Surgical resection is considered as a primary approach to MBM in 2 circumstances when the tumor is surgically accessible: if the condition involves a solitary brain lesion or if the lesions are symptomatic owing to vasogenic edema and/or mass effect.8 In addition to providing disease control, surgical resection of MBM enables oncologists to obtain a tissue sample for diagnostic and molecular testing. Obtaining this tissue sample is particularly important in patients whose first presentation includes brain metastases, either in the absence of a tissue diagnosis or in the absence of extracranial disease. Also, reports have indicated a potential change in the molecular profile from the primary site to the metastatic disease in the brain following a branched evolution model that could affect the choice of molecularly targeted therapy.9 Fife and colleagues analyzed data from 1137 patients with MBM in Australia and reported that surgical resection was associated with significantly improved survival (P<.0001).10 Wasif and colleagues studied the survival benefit of metastectomy in 4229 patients with MBM. Metastectomy was associated with an improved OS, with a 5-year OS of 16% among those who underwent the procedure compared with 7% for those who did not undergo the procedure (P<.001).11 Alvarez-Breckenridge and colleagues showed that upfront surgical resection of MBM can be associated with a therapeutic advantage when performed before initiation of immunotherapy. Surgical resection followed by immunotherapy was associated with a median OS of 22.7 months, as compared with 10.8 and 9.4 months for patients who were treated with immunotherapy alone and immunotherapy followed by surgery, respectively.12

Although these series data have shown a survival benefit for surgical resection in patients with MBM, there remains a scarcity of prospective data. Also, there are no evidence-based guidelines regarding the number of brain lesions that can be safely resected, but rather consensus recommendations that integrate the patient’s safety and clinical scenarios. Gazzeri and colleagues analyzed 57 patients who underwent surgical resection of brain metastases, 35 of whom had multiple brain lesions. The authors reported that surgical management for multiple metastatic brain lesions was associated with an improved quality of life and longer OS.13 In general, patients are considered suitable for metastectomy if they have a Karnofsky performance status of 970 or greater, controlled extracranial disease status, surgically accessible brain lesions, and up to 3 to 4 brain lesions.2,13,14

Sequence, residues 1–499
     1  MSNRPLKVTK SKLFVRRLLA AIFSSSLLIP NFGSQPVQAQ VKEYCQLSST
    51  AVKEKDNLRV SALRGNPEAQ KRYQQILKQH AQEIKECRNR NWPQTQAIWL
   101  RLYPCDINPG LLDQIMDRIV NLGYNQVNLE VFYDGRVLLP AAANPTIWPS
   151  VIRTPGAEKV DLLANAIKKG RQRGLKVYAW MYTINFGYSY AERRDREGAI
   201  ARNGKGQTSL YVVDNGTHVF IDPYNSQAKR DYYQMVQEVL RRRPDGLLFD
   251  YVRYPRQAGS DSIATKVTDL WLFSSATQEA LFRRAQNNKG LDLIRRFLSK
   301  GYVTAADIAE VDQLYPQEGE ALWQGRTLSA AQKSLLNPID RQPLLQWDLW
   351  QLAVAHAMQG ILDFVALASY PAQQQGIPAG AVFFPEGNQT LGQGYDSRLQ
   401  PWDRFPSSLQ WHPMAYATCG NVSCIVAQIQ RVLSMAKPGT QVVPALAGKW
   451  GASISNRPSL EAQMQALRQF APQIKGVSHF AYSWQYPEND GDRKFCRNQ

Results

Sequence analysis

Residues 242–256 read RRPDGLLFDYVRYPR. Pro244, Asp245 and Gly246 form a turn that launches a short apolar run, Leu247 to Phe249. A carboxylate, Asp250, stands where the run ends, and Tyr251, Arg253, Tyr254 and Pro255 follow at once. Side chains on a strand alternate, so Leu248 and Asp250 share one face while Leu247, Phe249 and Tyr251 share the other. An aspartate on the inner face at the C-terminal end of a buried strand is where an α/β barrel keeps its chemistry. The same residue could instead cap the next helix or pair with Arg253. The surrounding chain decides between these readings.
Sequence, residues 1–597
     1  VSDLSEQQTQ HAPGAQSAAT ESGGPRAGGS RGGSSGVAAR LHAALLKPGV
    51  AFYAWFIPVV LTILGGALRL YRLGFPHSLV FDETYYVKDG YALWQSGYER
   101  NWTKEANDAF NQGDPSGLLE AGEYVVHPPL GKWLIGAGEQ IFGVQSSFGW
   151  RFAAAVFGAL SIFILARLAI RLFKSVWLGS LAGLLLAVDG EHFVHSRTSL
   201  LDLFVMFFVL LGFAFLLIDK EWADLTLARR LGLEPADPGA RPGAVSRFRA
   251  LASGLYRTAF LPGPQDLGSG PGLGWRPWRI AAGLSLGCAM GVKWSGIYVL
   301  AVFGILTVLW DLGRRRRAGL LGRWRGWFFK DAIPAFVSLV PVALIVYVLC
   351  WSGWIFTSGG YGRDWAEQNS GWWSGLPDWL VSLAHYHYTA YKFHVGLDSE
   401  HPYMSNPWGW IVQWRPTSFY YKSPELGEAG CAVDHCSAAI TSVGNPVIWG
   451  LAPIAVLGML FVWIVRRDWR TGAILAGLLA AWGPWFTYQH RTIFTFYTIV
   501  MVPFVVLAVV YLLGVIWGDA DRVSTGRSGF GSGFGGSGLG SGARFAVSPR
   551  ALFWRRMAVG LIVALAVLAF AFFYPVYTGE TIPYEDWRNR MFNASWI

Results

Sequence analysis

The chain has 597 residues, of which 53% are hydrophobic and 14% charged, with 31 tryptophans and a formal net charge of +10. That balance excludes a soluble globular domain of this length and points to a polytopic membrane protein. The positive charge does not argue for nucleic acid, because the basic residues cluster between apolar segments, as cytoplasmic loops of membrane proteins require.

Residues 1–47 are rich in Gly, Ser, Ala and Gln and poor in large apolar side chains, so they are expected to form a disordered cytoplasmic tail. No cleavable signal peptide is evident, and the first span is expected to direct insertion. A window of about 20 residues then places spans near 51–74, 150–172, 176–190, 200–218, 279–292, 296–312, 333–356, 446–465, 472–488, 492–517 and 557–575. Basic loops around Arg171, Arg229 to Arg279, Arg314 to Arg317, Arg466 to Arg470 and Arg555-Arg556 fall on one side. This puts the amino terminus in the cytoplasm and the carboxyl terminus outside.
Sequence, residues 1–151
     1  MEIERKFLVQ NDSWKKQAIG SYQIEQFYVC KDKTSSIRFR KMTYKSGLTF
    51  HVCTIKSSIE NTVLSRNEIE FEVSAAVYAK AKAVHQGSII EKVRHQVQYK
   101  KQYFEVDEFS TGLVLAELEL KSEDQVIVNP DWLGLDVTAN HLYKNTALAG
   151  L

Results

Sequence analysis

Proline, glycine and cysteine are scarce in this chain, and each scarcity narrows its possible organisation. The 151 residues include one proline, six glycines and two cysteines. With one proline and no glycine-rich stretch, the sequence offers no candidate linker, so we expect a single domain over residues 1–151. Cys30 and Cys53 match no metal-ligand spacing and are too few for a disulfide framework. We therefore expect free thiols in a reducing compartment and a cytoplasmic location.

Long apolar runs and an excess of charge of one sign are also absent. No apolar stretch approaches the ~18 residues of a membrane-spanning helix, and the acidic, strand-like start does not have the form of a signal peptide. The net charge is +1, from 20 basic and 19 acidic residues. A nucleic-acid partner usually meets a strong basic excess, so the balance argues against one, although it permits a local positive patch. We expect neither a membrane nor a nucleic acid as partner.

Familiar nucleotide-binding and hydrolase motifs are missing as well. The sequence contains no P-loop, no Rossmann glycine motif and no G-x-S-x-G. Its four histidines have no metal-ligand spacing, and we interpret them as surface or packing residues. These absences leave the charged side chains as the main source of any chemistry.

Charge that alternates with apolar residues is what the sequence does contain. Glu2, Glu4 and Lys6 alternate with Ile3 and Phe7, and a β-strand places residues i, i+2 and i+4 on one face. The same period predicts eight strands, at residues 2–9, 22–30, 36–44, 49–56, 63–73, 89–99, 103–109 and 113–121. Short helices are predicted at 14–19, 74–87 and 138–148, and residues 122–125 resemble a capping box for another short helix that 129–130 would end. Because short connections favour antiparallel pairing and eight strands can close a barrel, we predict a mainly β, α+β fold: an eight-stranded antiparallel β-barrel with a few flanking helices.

Decision-making regarding surgical resection requires careful patient selection in order to maximize the potential benefit. The decision is usually driven by metastases-associated symptoms, along with the size, location, and characteristics of the metastases. Although resection of multiple lesions has been demonstrated to be technically feasible, it does require vastly experienced neurosurgeons and multiple craniotomies. It is therefore most common for surgery to be reserved for single, relatively large lesions that are causing debilitating symptoms or are rapidly progressive. Surgery is deferred in favor of radiation or systemic therapy in certain circumstances. An important consideration is that these circumstances may also render patients ineligible for enrollment in clinical trials, an exclusion that can confound the interpretation of results. As we detail later in this review, clinical trials of systemic therapy generally have not included patients with symptomatic brain metastases, and local therapies with surgery or radiation are typically prioritized for this population. In addition, patients with MBM are considered a challenging population with unique characteristics (eg, comorbidities, risk of thromboembolic events) that should be taken into consideration when making such decisions.15,16 Surgical resection also may delay the initiation of systemic therapy and/or radiation therapy in order to maintain proper wound healing following surgery.